Friday, February 18, 2011

Puff Daddy & the Tuff Crew

You probably weren't expecting a Puff Daddy record to pop up on this blog, were you? But hey, two verses by Biggie and Busta Rhymes on a hook over a track lifted from the Tuff Crew? Even I would have to call you a "hater" if you couldn't appreciate that.

This is "Victory," more specifically credited to Puff Daddy & the Family, dropped on Bad Boy Entertainment in 1998 (from the '97 album, No Way Out). It's produced by one of Bad Boy's regular "Hit Men," Stevie J. But like I said, it's a big shameless lift from the Tuff Crew. The Tuff Crew started out their second (or third, if you wanna count Phanjam) album with an epic sounding instrumental to signal their triumphant return. They called it "Going the Distance," because the bulk of the instrumentation is taken from the soundtrack to Rocky, specifically a track called "Going the Distance."

Now, you might say, okay Werner, granted the Tuff Crew sampled it first, but lots of great rap songs have sampled the same records over the years. Or, to quote GURU, "rap is an art, you can't own no loops." But these guys didn't just coincidentally use the same song as a sample source, they both used it the same way, rather boldly playing the whole first minute of it through rather than a standard short loop, but still chop it at the same point. But even more importantly, Stevie J paired it up with essentially the same drums that the Tuff Crew did. He removed the handclaps (after all, this wasn't 1989 anymore), but otherwise he completely just lifted Tuff Crew's track and played it whole for Puff.

But I'm not mad at that. First of all, because the hypothetical naysayer above would be right in pointing out that lots of great songs got to samples second (or third or twenty-eighth), and that doesn't make them any less dope. And secondly because Tuff Crew underutilized it, making it an introductory instrumental, whereas Bad Boy turned it onto a proper song with vocals. And finally, because on some mixes (more on that in a sec) Stevie J does add a few extra elements, most notably some operatic female vocal sounds, that enhance the experience even more.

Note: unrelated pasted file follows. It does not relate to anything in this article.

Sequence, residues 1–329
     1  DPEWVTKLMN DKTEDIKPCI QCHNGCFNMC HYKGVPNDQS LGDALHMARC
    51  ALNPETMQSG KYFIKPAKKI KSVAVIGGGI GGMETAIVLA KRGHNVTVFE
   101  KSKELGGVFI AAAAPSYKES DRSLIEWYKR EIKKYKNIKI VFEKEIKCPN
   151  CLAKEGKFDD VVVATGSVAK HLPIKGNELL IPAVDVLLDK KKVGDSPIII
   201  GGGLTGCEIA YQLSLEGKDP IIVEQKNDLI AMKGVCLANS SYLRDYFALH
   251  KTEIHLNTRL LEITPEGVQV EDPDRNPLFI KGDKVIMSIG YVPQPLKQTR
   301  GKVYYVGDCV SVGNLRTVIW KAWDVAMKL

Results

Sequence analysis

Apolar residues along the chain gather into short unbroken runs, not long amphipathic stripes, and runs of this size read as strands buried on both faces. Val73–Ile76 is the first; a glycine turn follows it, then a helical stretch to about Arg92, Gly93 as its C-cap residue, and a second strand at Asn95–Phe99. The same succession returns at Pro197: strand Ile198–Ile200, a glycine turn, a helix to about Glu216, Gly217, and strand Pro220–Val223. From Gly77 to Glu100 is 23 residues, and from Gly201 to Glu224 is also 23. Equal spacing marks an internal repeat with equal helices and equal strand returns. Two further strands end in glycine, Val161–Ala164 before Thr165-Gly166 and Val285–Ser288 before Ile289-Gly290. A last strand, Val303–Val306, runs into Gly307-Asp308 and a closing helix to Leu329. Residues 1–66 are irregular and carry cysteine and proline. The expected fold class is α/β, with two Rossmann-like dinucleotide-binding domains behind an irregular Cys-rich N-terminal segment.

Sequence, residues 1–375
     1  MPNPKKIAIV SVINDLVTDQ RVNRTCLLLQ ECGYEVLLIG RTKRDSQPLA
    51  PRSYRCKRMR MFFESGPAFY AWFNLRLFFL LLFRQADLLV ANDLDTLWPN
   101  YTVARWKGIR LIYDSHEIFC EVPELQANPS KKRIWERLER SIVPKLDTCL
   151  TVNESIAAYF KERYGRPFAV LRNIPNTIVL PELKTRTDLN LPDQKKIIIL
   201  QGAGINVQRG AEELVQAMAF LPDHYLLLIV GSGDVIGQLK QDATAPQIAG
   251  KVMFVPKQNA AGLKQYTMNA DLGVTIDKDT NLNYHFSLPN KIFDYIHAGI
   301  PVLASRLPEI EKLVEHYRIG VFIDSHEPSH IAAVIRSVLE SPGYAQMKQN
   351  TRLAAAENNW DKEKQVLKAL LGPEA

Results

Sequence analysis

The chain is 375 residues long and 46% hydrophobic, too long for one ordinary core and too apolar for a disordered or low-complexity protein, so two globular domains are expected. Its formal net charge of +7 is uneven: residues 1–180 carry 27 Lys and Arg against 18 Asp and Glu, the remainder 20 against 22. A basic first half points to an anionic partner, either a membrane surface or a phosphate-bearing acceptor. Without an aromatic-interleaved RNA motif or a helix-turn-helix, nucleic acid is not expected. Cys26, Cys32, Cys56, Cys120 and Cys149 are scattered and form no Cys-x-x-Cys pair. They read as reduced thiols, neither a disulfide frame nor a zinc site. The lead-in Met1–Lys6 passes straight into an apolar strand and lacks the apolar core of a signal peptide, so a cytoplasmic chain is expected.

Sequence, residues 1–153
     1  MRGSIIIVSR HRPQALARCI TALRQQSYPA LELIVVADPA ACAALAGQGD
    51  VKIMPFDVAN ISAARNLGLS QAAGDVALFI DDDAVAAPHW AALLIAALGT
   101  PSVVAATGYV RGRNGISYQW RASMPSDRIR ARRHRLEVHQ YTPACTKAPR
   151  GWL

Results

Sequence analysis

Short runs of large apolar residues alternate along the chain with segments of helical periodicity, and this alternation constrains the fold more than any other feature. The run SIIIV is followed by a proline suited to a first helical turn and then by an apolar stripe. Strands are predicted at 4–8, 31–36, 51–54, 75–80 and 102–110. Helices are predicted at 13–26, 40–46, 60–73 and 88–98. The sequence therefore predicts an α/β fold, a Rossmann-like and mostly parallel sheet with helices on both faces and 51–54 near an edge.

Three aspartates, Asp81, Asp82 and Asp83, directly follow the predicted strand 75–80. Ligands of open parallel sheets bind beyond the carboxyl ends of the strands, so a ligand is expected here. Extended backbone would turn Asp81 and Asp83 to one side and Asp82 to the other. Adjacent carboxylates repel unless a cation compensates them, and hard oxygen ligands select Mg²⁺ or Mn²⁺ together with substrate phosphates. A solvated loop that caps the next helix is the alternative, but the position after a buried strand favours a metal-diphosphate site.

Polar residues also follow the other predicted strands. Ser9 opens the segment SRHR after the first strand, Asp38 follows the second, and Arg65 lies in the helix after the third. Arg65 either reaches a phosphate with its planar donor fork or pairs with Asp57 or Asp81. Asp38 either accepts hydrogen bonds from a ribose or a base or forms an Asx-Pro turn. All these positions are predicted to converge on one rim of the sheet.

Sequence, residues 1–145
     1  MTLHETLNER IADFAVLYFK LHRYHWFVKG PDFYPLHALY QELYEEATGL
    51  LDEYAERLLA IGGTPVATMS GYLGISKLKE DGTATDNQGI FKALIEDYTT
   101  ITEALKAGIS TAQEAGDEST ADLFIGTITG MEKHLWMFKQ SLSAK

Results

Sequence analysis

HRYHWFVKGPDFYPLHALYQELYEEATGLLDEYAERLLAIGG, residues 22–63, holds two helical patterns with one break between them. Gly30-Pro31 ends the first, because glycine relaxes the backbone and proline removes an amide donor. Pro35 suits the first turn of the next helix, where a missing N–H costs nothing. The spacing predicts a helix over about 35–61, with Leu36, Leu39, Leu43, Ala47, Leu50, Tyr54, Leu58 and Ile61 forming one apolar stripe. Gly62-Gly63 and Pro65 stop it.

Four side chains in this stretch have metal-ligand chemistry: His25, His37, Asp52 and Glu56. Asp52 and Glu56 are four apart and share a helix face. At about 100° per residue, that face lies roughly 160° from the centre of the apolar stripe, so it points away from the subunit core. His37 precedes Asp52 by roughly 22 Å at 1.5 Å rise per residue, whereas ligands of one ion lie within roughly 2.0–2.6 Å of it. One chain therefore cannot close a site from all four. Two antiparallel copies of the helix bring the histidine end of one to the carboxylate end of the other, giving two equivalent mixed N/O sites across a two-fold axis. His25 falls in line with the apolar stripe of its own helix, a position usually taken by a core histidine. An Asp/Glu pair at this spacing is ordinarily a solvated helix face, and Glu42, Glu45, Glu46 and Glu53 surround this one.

By the way, a quick aside while I'm on the subject... this record credits the wrong sample in the liner notes [see the label scan above]! It says it uses Bill Conti (he's the guy who did the Rocky music)'s "Alone In the Ring." But that's wrong,they're using "Going the Distance!" "Alone In the Ring" is a very subdued piano solo that sounds nothing like "Going the Distance" and doesn't appear even momentarily in the background of "Victory." It's all "Going the Distance."

Now, there's a couple mixes here, but they're essentially minor variations than whole-hog remixes. There is no version that doesn't feature the same "Going the Distance" music or the same verses by Puff and Biggie. The mixes only vary by about 20 seconds in length. And the radio edits also remove Puff shouting ad-libs through a loud-speaker-like distorted mic effect ("it's all fucked up now!"), which was pretty annoying anyway, so that's no great loss. The most distinguishing characteristic is that only the Drama mixes feature the opera chick.